The Objectives of the Singapore-Malaysia Double Tax Treaty
A double taxation agreement has 3 objectives:
- Achieves Relief from Double Taxation
The Singapore-Malaysia double tax treaty removes double taxation by ensuring tax relief in one or both countries. In Malaysia, the Singapore tax paid will be allowed as a credit tax against any similar local Malaysian tax and vice versa in Singapore, for Malaysian tax paid.
- Sets Out Taxing Rights of Countries
The way the double taxation agreement goes about in achieving its objective of removing double taxation is by sorting out or allocating taxing rights between countries.
- Prevents Tax Evasion and Avoidance
Without needing further explanation, tax evasion is undeniably illegal. Double Taxation Agreement combats the evasion of tax typically through the Exchange of Information Article that allows governments to pass across information about taxpayers.
Key provisions of the Singapore-Malaysia Double Taxation Agreement
For all residents of one or both contracting states, Singapore and Malaysia, the types of taxes covered by the Singapore-Malaysia double tax treaty are
- Income & Corporate Taxes in Singapore
- Income & Petroleum Taxes in Malaysia
Upon fulfilling agreed requirements, these taxes can be deduced, reduced, or exempt. Some key double taxation agreement concepts include those which are related to the residency status of the taxpayer applying for the relief of double taxation, permanent establishment, business profits, dividends, interests, royalties, technical fees, and other incomes.
For the purpose of the double tax agreement between Singapore and Malaysia, taxation in both jurisdictions of the Singapore-Malaysia double tax treaty is made based on the entity’s place of residence. An individual is deemed a resident of Singapore if he/ she pays his/ her taxes in Singapore and similarly, an individual is deemed a resident of Malaysia if he/ she pays his/ her income taxes in Malaysia. Residency is also determined by the jurisdiction orf location where the individual has a permanent home. Where an individual is a resident of both countries, then it will be the country in which he/ she has his/her center of vital interests. When an individual’s permanent home is unavailable and interests undetermined, the residency will be determined by habitual abode where the individual spends most of his/ her time. In the case of companies, the country in which they have their management places is where the residency will be deemed.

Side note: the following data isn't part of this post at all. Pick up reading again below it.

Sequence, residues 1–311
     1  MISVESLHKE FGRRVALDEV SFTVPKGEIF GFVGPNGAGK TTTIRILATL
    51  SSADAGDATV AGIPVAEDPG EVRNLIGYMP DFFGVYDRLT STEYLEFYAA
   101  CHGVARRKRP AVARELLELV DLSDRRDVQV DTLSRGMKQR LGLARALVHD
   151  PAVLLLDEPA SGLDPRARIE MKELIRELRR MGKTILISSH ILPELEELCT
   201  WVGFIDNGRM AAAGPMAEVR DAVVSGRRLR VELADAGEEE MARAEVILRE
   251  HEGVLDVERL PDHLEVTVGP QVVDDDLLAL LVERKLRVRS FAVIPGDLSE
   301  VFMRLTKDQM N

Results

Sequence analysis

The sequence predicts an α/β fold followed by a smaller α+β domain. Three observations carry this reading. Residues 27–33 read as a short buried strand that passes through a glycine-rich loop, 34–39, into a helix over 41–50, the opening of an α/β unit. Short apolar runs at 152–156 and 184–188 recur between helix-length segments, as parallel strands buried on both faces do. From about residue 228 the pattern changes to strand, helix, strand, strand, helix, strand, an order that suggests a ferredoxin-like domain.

A permanent establishment is defined as ‘a fixed place of business through which the business of an enterprise is wholly or partly carried on’. A permanent establishment is considered a branch, an office from which various activities are completed, a factory or workshop, building or construction site, place of extraction of natural resources, or an otherwise different place of management located in the territory of the treaty partner country for over 6 months.
Some of the key provisions for various types of income include:
Dividends are traditionally taxed in the country of recipient’s residency although, in some situations, they may also be taxed in the country of residency of the company paying the dividends. If the company is a resident of one state and the recipient is a resident of the treaty partner state and is a beneficial owner, the dividend tax charged by the state in which the company paying dividend is a resident of shall not exceed:
- 5% of the gross dividend amounts if the company receiving the dividends holds at least 25% of the capital in the company making the payment;
- 10% of the gross dividend amounts in all other cases.
However, the reduced dividend payment tax will not be applicable if the recipient has a permanent establishment in the source country of the dividends and such dividends are paid in respect of the shares of the permanent establishment or otherwise effectively connected with that establishment. Such dividend income will be treated as business profits or independent personal services and subject to tax treatment in that country.
The approach of the double taxation treaty on interest income is similar to that of dividend income described above. Under the double taxation treaty, the withholding tax rate for interest in Singapore and Malaysia is only 10% while normally without the treaty it would be 15% in both countries.
Under the double taxation treaty, the withholding tax on royalties is 8% while normally without the treaty, it would be 10%. However, if the royalty recipient has a permanent establishment in the country in which the payer resides and this royalty is attributed to that permanent establishment, such royalty income will be treated as business profits or independent personal services income and subject to tax treatment in that country.
Technical fees are fees that are provided in consideration for consultancy, technical duties or managerial work. They are taxed under the avoidance of double taxation agreement at a rate of 5%.